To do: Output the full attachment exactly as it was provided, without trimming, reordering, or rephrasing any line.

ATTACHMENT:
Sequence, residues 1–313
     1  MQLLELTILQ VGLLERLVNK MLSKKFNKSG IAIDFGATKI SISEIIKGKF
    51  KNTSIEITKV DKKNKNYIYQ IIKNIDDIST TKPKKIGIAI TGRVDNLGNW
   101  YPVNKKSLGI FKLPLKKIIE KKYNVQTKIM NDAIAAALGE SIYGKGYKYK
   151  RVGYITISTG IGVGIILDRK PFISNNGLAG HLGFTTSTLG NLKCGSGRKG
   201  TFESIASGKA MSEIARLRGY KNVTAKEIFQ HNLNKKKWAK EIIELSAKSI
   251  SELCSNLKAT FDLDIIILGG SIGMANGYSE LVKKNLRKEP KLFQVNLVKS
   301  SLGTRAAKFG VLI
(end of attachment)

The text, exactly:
Sequence, residues 1–313
     1  MQLLELTILQ VGLLERLVNK MLSKKFNKSG IAIDFGATKI SISEIIKGKF
    51  KNTSIEITKV DKKNKNYIYQ IIKNIDDIST TKPKKIGIAI TGRVDNLGNW
   101  YPVNKKSLGI FKLPLKKIIE KKYNVQTKIM NDAIAAALGE SIYGKGYKYK
   151  RVGYITISTG IGVGIILDRK PFISNNGLAG HLGFTTSTLG NLKCGSGRKG
   201  TFESIASGKA MSEIARLRGY KNVTAKEIFQ HNLNKKKWAK EIIELSAKSI
   251  SELCSNLKAT FDLDIIILGG SIGMANGYSE LVKKNLRKEP KLFQVNLVKS
   301  SLGTRAAKFG VLI